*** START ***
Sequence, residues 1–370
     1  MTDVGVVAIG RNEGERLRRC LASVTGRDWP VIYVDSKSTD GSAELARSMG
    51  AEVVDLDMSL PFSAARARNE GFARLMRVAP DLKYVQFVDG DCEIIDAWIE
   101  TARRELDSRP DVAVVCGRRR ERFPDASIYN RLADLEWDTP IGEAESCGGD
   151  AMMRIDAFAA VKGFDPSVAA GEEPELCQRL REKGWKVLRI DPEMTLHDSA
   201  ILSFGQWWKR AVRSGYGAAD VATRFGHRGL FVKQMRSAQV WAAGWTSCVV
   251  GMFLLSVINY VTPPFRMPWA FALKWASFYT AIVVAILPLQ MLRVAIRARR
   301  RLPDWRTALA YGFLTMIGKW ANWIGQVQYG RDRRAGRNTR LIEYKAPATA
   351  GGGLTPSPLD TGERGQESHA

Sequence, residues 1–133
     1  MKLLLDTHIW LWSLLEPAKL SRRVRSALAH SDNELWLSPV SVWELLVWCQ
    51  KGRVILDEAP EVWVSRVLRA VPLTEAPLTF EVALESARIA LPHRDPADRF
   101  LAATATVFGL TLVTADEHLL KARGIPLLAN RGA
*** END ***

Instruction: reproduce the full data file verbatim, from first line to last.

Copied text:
Sequence, residues 1–370
     1  MTDVGVVAIG RNEGERLRRC LASVTGRDWP VIYVDSKSTD GSAELARSMG
    51  AEVVDLDMSL PFSAARARNE GFARLMRVAP DLKYVQFVDG DCEIIDAWIE
   101  TARRELDSRP DVAVVCGRRR ERFPDASIYN RLADLEWDTP IGEAESCGGD
   151  AMMRIDAFAA VKGFDPSVAA GEEPELCQRL REKGWKVLRI DPEMTLHDSA
   201  ILSFGQWWKR AVRSGYGAAD VATRFGHRGL FVKQMRSAQV WAAGWTSCVV
   251  GMFLLSVINY VTPPFRMPWA FALKWASFYT AIVVAILPLQ MLRVAIRARR
   301  RLPDWRTALA YGFLTMIGKW ANWIGQVQYG RDRRAGRNTR LIEYKAPATA
   351  GGGLTPSPLD TGERGQESHA

Sequence, residues 1–133
     1  MKLLLDTHIW LWSLLEPAKL SRRVRSALAH SDNELWLSPV SVWELLVWCQ
    51  KGRVILDEAP EVWVSRVLRA VPLTEAPLTF EVALESARIA LPHRDPADRF
   101  LAATATVFGL TLVTADEHLL KARGIPLLAN RGA